It is an outdated cliche to say that bureaucracy and services are inefficient. But there is still an emphasis on getting things done in person. You will find you have to visit offices to get things done, far more than you might at home. On the plus side, this means there is still accountability, and a call center in a far-flung destination will not fob you off.

We asked Tina (56) from Boston how she has found living in Barcelona.

I’ve been here for 10 years now and it has changed a lot. in a good way! When I first moved here I could never buy a bottle of milk while on the school run. The store didn’t open till 9.30 and then they closed again from 1 till 5. It was frustrating! But now the supermarkets tend to stay open all day which makes it easier. But I would be sad to see it change too much more. Its charm lies in its traditional customs!

Retiring in Barcelona

Barcelona is a great place to retire to in Spain. Healthcare, both public and private, is easily accessible and of excellent quality. The weather provides great opportunities for living a healthy outdoor lifestyle. The Mediterranean diet is also a plus for those wishing to live a long life!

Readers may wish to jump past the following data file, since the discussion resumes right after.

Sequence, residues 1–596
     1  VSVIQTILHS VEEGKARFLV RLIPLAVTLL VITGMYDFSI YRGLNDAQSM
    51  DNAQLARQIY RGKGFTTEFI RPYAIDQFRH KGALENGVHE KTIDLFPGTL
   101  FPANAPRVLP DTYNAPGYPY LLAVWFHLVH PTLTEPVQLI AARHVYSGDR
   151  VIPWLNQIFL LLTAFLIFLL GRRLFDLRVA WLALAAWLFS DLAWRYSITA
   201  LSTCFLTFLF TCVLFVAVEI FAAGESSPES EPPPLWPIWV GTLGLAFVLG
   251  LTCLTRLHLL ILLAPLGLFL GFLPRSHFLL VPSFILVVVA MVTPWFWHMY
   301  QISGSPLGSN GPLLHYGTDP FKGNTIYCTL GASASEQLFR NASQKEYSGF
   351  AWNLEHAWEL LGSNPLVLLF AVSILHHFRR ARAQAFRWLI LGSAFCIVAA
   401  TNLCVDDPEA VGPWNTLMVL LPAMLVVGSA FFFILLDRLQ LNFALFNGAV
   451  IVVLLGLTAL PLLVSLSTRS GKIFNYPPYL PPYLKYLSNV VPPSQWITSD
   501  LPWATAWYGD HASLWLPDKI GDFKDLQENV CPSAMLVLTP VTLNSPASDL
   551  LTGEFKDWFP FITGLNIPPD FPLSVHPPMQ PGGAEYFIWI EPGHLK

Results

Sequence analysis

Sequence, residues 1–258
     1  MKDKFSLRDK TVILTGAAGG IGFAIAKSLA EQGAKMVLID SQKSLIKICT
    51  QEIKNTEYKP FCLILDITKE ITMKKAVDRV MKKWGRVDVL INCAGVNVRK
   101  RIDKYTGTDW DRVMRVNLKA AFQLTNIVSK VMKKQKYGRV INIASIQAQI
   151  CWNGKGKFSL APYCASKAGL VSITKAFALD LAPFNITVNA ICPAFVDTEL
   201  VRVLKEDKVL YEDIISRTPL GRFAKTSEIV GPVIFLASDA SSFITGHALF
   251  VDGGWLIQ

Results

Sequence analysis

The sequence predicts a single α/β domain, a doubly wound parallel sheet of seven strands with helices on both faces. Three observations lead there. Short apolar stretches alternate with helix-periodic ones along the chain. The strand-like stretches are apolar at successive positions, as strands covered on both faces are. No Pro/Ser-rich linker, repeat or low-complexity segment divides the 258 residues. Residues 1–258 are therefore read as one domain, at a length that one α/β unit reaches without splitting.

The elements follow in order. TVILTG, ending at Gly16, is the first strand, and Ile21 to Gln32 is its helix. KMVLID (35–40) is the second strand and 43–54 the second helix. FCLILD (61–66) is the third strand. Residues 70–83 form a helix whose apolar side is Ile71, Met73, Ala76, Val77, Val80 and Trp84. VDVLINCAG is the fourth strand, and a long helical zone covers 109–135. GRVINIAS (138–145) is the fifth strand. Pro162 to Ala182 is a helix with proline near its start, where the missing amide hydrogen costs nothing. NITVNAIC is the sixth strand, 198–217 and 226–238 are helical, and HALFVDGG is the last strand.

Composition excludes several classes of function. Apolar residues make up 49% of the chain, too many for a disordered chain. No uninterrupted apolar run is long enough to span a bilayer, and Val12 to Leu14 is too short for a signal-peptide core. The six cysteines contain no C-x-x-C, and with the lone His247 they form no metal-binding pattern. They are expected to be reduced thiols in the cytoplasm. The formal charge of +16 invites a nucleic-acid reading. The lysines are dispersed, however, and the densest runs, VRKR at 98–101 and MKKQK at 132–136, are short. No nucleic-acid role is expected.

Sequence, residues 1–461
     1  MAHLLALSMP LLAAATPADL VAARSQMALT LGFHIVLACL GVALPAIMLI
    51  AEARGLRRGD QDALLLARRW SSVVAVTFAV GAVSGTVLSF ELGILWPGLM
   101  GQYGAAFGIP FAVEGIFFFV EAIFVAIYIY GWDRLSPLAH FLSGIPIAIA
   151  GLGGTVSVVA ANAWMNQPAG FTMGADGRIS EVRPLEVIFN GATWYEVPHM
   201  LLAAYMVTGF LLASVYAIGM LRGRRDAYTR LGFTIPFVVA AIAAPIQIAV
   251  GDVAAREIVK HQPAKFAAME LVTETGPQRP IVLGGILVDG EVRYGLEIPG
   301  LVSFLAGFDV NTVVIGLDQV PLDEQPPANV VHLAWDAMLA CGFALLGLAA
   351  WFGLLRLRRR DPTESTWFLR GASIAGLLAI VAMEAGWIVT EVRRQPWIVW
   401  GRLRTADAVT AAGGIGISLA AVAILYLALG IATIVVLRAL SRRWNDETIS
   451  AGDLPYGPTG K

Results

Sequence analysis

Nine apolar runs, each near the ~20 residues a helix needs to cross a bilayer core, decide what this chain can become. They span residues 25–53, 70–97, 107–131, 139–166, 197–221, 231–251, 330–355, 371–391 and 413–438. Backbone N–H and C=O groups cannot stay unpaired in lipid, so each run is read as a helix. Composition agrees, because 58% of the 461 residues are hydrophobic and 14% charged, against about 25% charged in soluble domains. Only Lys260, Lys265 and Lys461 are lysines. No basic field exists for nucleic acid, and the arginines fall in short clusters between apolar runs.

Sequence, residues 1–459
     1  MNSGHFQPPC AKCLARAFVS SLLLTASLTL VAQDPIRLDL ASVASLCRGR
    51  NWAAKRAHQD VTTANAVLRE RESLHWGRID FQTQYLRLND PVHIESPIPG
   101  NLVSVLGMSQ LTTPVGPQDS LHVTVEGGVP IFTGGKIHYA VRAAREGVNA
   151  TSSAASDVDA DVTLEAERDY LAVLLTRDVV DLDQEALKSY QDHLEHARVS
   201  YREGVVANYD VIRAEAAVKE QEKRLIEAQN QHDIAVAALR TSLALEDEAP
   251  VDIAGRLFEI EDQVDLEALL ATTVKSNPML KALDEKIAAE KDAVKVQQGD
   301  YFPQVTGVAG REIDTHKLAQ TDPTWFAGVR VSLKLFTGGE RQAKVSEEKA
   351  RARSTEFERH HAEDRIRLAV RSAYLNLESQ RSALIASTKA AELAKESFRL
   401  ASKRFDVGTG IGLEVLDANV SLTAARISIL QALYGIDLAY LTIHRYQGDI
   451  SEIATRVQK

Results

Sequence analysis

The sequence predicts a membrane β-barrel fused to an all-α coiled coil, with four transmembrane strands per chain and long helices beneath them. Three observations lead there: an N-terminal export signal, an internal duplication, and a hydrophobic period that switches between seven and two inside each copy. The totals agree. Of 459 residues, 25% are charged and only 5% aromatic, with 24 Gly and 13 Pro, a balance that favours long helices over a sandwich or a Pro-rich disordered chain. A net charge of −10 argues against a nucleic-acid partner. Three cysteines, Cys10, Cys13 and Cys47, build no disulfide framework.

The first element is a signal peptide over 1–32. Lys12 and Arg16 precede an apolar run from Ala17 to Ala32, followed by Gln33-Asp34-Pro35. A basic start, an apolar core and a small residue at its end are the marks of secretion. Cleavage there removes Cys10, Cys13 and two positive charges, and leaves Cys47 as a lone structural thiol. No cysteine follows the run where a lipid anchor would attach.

As of 2020, the average life expectancy in Barcelona was 83.7 years for women and 79.7 years for men, which is slightly higher than the Spanish average. And the social nature of life in Barcelona is also a fundamental part of a satisfying old age.

Best Places to Live in Barcelona

See our Barcelona Neighborhood Guide for more details.

If you want everything on your doorstep, you may live in the Old Town. This has the advantage of being away from the noise of the traffic. But it may make up for this with the noise of revelers late at night! Eixample is a lovely area to live in and is within easy walking distance of most of the city center buzz. San Antoni is a cool neighborhood with great places to eat and drink.

Heading to Poble Nou will bring you close to the sea and is popular with young families and the IT crowd. Head to the hills above the city for the sedate and expensive neighborhoods of San Gervasi, Sarria, Tres Torres, and Turo Park. These areas are popular with wealthy locals and Expats and convenient for international schools.